Beads, Burials, and African Diaspora Archaeology: Documenting a Pattern of Black and White Bead Use within African-American Mortuary Contexts

Author(s): James Davidson

Year: 2018

Summary

African Diaspora Archaeology has its roots in Plantation Archaeology of the 1960s and 1970s.    One artifact initially associated with enslaved contexts was the simple blue-glass bead (though other colors were recovered), recognized by some as signifying African-derived culture and beliefs, and by others as a controversial and potentially erroneous stereotype.  Simultaneously emerging in the 1970s was the field of historical mortuary archaeology, where graves of African-Americans as well as other ethnicities were treated as archaeological resources for the first time.  When historical graves were studied scientifically, greater emphasis was placed on the skeletal biology than associated grave-goods, and a very different set of questions were explored.  Combining these two related-fields, this mortuary study documents a heretofore little-recognized pattern of not blue, but black and white bead use, almost exclusively associated with women and children, and ties these demographical patterns to specific African cultures and meanings, of fertility, birth and protection.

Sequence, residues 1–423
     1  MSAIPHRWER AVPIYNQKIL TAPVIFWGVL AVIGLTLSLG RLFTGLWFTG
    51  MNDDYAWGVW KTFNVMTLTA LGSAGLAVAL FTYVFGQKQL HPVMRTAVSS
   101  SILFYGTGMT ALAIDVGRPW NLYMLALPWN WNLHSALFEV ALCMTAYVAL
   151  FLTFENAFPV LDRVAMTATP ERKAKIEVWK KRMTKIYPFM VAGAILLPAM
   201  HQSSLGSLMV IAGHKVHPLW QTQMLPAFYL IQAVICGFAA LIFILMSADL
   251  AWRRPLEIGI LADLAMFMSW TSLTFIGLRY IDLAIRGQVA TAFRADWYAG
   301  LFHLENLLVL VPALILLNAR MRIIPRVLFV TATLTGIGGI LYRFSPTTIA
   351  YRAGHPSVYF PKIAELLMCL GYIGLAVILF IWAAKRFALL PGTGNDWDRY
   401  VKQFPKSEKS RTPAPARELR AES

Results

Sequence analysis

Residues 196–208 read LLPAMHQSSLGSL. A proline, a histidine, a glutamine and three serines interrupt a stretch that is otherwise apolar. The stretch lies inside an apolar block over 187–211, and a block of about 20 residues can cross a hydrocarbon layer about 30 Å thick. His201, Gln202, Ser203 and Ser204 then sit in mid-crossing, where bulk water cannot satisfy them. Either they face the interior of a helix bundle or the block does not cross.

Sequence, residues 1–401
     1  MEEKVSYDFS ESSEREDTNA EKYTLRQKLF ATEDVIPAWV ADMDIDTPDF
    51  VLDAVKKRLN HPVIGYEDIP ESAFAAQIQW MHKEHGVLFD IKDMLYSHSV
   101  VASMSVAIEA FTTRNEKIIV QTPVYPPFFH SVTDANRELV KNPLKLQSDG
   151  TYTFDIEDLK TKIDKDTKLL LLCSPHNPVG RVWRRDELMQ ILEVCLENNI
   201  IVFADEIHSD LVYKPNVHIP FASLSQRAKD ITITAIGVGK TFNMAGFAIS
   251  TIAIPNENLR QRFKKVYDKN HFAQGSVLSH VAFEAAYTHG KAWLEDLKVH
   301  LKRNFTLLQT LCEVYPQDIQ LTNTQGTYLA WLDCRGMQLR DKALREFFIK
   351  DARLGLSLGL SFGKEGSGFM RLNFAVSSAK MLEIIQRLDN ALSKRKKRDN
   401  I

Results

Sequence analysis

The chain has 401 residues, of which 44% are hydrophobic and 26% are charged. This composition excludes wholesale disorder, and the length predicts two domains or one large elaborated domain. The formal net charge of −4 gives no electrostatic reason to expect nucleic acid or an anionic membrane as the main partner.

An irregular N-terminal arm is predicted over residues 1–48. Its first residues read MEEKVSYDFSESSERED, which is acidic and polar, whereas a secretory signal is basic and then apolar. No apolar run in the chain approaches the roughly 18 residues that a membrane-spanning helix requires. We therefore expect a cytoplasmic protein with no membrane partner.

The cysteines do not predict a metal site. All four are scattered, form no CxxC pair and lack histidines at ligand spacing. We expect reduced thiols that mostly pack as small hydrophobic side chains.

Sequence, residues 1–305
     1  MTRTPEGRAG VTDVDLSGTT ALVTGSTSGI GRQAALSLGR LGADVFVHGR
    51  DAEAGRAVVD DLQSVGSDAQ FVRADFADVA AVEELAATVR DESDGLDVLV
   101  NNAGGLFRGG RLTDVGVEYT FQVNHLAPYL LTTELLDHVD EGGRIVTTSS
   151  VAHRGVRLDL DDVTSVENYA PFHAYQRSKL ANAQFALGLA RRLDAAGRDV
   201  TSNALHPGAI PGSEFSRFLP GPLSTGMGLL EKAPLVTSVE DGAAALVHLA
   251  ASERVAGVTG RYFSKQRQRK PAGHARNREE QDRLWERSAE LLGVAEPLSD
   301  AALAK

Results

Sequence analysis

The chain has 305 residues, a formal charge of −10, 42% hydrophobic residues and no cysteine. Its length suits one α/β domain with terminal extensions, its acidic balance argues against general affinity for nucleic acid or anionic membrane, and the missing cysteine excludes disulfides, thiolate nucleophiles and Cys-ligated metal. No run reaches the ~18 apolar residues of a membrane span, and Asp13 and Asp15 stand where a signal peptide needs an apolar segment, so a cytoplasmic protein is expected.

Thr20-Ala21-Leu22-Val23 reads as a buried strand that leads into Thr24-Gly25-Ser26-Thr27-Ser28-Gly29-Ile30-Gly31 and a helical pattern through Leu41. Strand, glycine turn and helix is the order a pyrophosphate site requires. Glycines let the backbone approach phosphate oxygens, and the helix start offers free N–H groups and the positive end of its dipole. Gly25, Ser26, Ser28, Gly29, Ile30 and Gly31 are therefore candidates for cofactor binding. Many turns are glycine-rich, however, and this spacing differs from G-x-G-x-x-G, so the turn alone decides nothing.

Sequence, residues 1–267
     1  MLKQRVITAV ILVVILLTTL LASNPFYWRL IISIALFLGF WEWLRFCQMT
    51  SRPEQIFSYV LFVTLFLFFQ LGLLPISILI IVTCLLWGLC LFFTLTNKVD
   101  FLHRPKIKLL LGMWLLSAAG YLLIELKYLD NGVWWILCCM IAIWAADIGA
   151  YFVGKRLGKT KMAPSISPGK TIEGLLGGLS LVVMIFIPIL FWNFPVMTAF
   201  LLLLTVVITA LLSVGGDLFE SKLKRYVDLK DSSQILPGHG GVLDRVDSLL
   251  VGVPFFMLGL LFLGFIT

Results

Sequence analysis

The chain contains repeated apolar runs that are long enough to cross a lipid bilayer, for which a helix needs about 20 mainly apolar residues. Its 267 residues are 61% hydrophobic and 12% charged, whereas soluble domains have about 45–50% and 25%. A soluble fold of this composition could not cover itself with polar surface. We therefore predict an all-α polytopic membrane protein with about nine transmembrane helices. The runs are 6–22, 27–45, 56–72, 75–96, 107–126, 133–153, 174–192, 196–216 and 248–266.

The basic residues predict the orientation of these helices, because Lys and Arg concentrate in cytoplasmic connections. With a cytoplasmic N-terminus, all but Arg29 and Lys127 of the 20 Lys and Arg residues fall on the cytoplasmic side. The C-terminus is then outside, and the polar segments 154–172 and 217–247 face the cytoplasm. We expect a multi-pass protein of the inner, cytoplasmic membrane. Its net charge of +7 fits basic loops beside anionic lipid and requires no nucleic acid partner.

Cite this Record

Beads, Burials, and African Diaspora Archaeology: Documenting a Pattern of Black and White Bead Use within African-American Mortuary Contexts. James Davidson. Presented at Society for Historical Archaeology, Albuquerque, NM. 2018 ( tDAR id: 441932)

Spatial Coverage

min long: -129.199; min lat: 24.495 ; max long: -66.973; max lat: 49.359 ;

Individual & Institutional Roles

Contact(s): Society for Historical Archaeology

Record Identifiers

PaperId(s): 393